"He’s playing against top level centers now," Fred Hoiberg said before Monday's game. "It’s a great experience for him. He’s going to learn and get better and he plays within himself, we will continue to look for him to be more aggressive."

He was as aggressive as the Bulls have seen him against Jordan and the Mavericks. He blew by the 20 and 18 minutes he played in the first two games of the year, totalling 32 minutes. His final line won't tell the story - 4 points, 9 rebounds, 4 assists and a block - of a Carter who defended well at the rim, picking and choosing his spots on when to attack shots and when to simply use his verticality.

He wasn't credited for a block but he contested a Jordan dunk that turned into a Bobby Portis dunk on the other end. Plus-minus isn't always a good indicator of a player's worth, but Carter was a +5 in a 14-point Bulls loss. He even attempted a corner 3-pointer early in the shot clock, showing no hesitation. Carter's had his moments, but it's also apparent he's got a 19-year-old body going up against veterans each night. That'll come with time in the weight room. For now the experience is 

"I appreciate the fact I’m able to play against these very talented bigs early in my career," Carter said after the loss to the Pistons. "What I need to work on is I have to get stronger; that’s the first thing I recognize; just being up against the best. I love the competition. It’s always a great feeling going against the best."

What the Bulls are finding out is they have a player mature beyond his years. As he progresses he'll continue to get more difficult assignments. He had his rookie moment late in Monday's loss, committing a turnover in the backcourt after the Bulls had cut the deficit to five with 35 seconds left. The fouls are also an issue, as Carter has committed 10 in three games (after committing 17 in five preseason games).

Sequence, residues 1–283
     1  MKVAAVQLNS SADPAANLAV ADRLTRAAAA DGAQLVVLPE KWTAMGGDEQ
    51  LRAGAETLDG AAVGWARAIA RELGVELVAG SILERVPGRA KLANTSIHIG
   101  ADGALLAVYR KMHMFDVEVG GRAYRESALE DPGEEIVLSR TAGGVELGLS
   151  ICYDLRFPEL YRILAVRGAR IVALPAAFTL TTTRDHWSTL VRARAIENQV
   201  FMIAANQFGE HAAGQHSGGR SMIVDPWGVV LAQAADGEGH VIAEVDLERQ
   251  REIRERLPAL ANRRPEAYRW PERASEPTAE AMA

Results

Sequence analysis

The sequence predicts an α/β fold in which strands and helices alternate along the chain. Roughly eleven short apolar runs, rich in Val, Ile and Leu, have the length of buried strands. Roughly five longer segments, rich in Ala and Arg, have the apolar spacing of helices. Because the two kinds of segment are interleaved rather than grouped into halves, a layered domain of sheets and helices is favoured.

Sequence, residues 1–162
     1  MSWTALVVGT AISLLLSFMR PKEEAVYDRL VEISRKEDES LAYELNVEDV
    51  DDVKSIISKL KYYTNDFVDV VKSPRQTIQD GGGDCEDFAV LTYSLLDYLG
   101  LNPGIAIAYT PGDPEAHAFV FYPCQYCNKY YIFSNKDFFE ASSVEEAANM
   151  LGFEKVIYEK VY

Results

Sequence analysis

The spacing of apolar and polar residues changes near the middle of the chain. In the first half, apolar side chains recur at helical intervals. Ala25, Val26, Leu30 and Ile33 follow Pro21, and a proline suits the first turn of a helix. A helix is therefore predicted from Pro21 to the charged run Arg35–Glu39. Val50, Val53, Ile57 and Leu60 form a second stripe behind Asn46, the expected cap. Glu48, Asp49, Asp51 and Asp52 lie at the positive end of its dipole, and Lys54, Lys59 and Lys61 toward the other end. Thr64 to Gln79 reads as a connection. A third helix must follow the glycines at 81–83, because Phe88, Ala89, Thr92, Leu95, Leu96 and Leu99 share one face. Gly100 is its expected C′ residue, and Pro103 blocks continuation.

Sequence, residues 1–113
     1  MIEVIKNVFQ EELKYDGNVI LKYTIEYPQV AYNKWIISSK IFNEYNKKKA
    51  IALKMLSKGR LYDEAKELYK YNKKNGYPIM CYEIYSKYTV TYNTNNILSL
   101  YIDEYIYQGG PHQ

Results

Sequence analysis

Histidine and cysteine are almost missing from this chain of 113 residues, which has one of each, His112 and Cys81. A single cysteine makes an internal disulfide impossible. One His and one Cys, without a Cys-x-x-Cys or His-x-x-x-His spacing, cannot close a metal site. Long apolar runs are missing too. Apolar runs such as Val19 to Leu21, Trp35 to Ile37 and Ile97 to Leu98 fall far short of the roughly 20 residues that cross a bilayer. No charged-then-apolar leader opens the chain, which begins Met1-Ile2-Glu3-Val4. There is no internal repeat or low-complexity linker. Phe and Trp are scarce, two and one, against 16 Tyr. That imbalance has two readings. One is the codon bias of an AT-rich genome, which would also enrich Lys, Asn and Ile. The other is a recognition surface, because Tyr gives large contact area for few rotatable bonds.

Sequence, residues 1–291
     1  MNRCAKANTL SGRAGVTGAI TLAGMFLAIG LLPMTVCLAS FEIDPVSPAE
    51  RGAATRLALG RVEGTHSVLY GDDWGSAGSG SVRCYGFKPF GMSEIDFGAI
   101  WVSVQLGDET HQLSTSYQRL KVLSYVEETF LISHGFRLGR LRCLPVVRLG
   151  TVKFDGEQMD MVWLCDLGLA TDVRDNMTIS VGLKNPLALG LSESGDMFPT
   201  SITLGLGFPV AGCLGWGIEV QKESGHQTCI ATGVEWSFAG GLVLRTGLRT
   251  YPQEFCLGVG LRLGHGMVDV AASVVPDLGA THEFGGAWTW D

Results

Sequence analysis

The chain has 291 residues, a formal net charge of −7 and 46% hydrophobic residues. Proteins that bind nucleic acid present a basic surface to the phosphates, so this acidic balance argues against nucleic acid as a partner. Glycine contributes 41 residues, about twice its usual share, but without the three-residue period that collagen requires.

That doesn't necessarily seem important for a Lottery-bound team, but considering the continued struggles of Robin Lopez (and Cristiano Felicio is entirely out of the rotation) it is. Lopez had 2 points and 1 rebound in 10 minutes while committing five personal fouls. In three games he has 11 personal fouls and 11 points, and also has more turnovers (five) than rebounds (four). If the Bulls are going to compete until Lauri Markkanen returns, Carter will need to hover around the 32 minutes he played Monday.

He'll get a much easier test on Wednesday when the Charlotte Hornets arrive in town. Cody Zeller doesn't exactly have the credentials of a Jokic or Embiid, meaning Carter may have a little more room to work. 

The Bulls know they have something in Carter. It'll be abother month until they can deploy him alongside Markkanen, but if the first three games are any indication, Carter won't have any problems matching up with some of the league's best.

SportsTalk Live Podcast: Moral victory for the Bears?

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USA TODAY

SportsTalk Live Podcast: Moral victory for the Bears?

David Schuster, Adam Jahns and Patrick Finley join Kap on the panel.

0:00- Dave Wannstedt joins the panel to discuss the Bears 38-31 loss to the Patriots? Was it a moral victory? Is Matt Nagy crazy to say Mitch Trubisky didn’t play that bad?

13:00- Joe Girardi pulls his name out of the Reds managerial search and Jon Heyman reports that industry sources believe he might wait to see if there’s an opening in Chicago. What are the chances that he replaces Joe Maddon?

14:30- Adam Amin joins Kap to preview the Bulls/Mavericks game and discuss the lack of defense in the NBA.